…hitherandthithering waters of…
This tune is found in James Joyce’s work "Finnegans Wake", I.1.44, but as a ballad in 6/8 with lyrics (abc for that version is below). I only ever focused on the lyrics when I read FW, as I wasn’t a musician then (if I am now). I decided to attempt playing it on the whistle after hearing Mick Moloney sing it a cappella here in Philadelphia several years ago. But since I couldn’t play the whistle, that went nowhere.
Given the odd number of measures, I recently arranged it in session tune format as a jig, and found it rather appealing as such, despite its simplistic repetition punctuated by odd accidentals and general moody wackiness and high weirdness…indeed, I like it for the same reasons I enjoy reading FW and all of Joyce’s writing.
As a lapsed Joycean, I’m ashamed to say I don’t know if Joyce wrote the tune (he was an excellent musician too, as if he didn’t have enough talent with the pen), although I’m quite sure he wrote the lyrics, given the context and character. Therefore, I have no idea if it’s traditional, Irish, or what. If Joyce wrote the tune, it’s likely he wasn’t living in Ireland when he did so; I guess then we can classify it as Expatriated Irish Traditional Music.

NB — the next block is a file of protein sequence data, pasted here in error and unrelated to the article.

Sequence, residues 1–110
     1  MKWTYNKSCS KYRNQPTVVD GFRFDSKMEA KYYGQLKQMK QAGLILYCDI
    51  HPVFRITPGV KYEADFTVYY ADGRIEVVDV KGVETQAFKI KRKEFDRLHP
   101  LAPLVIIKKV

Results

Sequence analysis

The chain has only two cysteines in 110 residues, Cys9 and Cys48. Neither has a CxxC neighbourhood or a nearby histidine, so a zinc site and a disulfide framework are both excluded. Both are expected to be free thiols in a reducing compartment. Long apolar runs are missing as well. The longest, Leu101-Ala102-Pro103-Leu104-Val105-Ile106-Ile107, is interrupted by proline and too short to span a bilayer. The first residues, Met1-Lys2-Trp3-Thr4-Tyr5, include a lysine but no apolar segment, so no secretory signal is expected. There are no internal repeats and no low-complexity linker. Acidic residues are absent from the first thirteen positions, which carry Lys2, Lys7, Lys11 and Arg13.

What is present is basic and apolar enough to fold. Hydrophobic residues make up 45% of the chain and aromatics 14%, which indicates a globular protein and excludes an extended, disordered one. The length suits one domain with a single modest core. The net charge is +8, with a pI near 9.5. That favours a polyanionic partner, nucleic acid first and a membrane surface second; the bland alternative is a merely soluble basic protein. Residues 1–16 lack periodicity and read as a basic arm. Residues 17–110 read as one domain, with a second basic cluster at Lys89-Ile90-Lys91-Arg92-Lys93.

T:Ballad of Persse O’Reilly
z4EE | E3/2F/E D2C | DB,2 B,B,C | DDD DCB, | CA,2 A,A,B, | =CCC C3/2C/D | B,2B, B,2A, | ^G,G,A, B,=CB, | C3 C2C/C/ | =G,3/2A,/B, A,3 | A,2A, =G,3/2A,/B, | A,6 | A,6 |
Carnival in Venice?
Sounds like a mangled vrsion of the old war horse - beloved by show off instrumentalists working throgh the countless variations
I don’t know if it’s related to The Old War Horse or not, but Joyce was certainly a show-off to beat the band, and spent some of his most important years in Trieste. I don’t know if he ever went to Venice…
Someone put "Humpty Dumpty" as another name; this is not, as far as I know, a tune to accompany the nursery rhyme. (If I’m incorrect, please enlighten me.) "Humpty Dumpty" was added because the lyrics to the ballad make use of Humpty Dumpty imagery in the first stanza, but the lyrics draw upon several other sources as well.
You can read the lyrics here, and even read the entire book online, God help you: